[LAU] Chris McCormick
lau at kudla.org
Fri Aug 24 08:03:48 EDT 2007
On Wednesday 22 August 2007, Ken Restivo wrote:
> I continue to be amazed by the lengths that we-all electronic
> musicians go thorugh, in terms of painstaking sequencing and
> editing, or long hours of programming and algorithm tweaking, in
> order to approximate the things that a well-rehearsed band does
> when performing in real time.
Eh, no matter how well-rehearsed, a live band's sound can never
sparkle as much as a recording agonized over by a practiced
electronic musician, producer or engineer. The best they can do is
try to approximate it and play a little faster to make up for the
shortcomings of live sound. Conversely, I would question whether
electronic musicians are really trying to approximate that live
sound; I know that when I've used a sampled break, for example, it
was because I wanted it to sound like a sampled break.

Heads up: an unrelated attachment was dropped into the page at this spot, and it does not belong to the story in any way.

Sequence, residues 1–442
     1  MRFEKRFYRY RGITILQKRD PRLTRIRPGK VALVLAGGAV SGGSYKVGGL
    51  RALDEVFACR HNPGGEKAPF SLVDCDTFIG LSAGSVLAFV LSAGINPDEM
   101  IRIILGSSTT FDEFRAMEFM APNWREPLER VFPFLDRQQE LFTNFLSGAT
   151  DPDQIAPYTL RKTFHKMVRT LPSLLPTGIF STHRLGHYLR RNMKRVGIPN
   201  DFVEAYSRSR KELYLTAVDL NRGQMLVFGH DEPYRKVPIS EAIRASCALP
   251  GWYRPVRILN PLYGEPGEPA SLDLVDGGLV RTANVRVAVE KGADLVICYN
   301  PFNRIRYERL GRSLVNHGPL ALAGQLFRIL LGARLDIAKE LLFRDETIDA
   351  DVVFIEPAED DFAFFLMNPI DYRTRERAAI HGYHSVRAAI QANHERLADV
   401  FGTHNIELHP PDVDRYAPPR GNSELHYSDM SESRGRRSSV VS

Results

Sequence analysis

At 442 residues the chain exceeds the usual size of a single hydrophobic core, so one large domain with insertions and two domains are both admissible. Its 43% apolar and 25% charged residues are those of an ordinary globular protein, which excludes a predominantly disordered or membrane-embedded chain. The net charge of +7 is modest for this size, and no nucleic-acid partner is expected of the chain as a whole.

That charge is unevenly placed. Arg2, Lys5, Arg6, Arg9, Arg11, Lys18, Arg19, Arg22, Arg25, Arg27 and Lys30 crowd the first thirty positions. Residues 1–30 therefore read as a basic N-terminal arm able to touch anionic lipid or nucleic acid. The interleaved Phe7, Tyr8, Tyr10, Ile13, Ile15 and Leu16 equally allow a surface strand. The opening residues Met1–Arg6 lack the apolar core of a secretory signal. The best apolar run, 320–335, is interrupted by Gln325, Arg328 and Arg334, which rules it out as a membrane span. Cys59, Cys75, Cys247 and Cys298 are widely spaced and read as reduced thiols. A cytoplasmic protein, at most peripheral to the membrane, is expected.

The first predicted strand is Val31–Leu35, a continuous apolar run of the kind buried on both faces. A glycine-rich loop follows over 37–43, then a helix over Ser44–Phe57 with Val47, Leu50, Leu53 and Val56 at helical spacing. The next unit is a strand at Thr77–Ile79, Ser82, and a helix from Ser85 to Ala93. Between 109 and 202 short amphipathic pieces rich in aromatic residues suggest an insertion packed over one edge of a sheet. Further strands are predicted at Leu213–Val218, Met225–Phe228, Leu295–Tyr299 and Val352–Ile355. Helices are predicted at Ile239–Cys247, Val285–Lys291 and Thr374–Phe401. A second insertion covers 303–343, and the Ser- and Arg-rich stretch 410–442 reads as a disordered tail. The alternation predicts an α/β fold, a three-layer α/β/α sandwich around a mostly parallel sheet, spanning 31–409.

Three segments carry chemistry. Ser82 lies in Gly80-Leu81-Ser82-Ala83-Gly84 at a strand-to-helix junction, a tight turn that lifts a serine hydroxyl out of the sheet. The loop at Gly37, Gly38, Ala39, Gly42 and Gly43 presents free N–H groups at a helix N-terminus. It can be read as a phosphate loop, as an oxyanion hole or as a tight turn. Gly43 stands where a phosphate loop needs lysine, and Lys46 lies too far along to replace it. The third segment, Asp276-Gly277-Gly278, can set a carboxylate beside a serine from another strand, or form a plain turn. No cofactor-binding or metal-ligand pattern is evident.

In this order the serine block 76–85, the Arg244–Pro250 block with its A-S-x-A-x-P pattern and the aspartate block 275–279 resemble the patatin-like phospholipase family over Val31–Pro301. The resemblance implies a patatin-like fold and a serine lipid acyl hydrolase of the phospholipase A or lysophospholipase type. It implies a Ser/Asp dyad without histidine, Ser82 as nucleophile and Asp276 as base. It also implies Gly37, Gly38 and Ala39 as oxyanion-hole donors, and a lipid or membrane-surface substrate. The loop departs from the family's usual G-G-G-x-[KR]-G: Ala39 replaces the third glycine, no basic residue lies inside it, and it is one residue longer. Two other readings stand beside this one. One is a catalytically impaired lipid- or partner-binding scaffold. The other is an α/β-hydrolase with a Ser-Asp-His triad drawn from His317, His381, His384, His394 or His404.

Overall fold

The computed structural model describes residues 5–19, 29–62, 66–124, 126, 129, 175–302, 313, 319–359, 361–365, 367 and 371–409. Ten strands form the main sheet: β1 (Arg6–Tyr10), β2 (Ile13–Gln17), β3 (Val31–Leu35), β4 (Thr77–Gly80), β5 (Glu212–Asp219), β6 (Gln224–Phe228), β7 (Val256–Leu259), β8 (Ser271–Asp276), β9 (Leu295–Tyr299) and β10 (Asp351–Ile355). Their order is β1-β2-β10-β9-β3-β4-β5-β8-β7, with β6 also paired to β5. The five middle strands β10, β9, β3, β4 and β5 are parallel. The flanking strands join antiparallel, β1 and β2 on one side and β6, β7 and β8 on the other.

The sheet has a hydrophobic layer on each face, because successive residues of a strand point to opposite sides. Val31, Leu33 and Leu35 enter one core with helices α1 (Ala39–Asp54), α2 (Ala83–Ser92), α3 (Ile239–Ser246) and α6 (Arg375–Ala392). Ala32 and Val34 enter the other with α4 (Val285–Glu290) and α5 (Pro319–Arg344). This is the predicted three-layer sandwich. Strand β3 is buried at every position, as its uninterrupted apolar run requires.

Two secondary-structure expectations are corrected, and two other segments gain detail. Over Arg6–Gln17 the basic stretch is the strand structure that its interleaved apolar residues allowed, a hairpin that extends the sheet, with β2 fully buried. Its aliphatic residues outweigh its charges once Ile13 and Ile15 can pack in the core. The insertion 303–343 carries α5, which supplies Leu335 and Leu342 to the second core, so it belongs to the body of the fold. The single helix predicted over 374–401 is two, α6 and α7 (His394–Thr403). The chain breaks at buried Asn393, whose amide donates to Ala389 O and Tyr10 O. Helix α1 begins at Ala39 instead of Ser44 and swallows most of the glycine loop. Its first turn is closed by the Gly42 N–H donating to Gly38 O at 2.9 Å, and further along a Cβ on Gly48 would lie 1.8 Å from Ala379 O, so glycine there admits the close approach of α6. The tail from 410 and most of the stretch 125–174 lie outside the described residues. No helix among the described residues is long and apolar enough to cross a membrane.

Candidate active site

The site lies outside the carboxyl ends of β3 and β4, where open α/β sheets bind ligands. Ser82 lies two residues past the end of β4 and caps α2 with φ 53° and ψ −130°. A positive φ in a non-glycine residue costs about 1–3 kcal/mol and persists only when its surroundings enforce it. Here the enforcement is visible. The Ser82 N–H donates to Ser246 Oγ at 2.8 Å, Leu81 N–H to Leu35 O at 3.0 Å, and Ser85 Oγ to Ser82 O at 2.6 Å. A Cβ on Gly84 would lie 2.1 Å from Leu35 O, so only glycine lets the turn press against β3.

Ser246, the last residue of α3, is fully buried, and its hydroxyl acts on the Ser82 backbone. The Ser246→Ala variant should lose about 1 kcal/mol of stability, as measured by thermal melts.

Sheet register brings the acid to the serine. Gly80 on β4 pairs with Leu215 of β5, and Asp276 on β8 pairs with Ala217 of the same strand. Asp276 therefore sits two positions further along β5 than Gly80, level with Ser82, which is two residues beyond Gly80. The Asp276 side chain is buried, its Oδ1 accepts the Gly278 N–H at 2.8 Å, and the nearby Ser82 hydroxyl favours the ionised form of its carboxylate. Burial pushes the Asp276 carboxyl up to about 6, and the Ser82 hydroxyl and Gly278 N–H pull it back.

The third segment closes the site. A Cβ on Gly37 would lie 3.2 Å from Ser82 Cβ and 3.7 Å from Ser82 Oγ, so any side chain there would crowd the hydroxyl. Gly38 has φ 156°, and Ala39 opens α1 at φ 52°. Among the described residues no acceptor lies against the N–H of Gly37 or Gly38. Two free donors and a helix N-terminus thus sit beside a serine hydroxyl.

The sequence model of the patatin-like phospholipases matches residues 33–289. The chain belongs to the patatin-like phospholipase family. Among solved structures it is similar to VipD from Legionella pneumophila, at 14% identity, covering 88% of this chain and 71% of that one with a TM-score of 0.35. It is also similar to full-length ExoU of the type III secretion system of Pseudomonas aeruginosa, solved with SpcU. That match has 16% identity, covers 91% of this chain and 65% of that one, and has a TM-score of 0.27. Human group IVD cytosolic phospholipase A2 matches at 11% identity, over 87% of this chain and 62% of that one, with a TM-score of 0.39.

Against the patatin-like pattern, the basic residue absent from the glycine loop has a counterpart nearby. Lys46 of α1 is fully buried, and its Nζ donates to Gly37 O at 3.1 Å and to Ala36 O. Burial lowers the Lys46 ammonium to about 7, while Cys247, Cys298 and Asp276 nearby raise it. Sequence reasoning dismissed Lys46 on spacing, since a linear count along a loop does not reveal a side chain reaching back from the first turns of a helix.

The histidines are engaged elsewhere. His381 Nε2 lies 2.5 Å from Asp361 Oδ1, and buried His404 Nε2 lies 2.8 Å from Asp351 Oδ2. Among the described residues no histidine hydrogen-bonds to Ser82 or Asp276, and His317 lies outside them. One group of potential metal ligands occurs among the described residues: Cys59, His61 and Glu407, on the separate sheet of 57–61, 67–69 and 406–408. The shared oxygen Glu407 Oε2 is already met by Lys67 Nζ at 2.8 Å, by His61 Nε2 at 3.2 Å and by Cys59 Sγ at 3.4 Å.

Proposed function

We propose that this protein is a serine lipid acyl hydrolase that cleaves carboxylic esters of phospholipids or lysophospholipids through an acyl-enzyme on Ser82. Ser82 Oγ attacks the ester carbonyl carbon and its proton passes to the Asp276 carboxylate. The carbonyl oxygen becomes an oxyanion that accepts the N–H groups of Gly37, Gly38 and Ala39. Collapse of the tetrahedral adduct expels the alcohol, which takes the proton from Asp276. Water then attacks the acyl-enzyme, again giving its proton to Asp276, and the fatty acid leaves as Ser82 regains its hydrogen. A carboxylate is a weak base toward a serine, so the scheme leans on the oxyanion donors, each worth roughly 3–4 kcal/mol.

Live bands might have more "energy" or whatever it is that caused
people to follow bands like the Dead and Phish around slavishly, but
even in those cases I've always found their live performances lacking
compared to their comparatively primitive studio releases with their
well-defined stereo images, carefully chosen effects and precisely
mixed vocals. Compare a studio recording of "Terrapin Station"
or "Reba" to the live equivalent, and I really think anyone with an
ear would be hard pressed to say the live one sounds as good.
I think it's just a matter of taste, but live recordings are a weak
sister to "the real thing" as far as I'm concerned. But as someone
who'd even rather hear a Mellotron string section than an actual
string section, I guess I'm probably in the minority.
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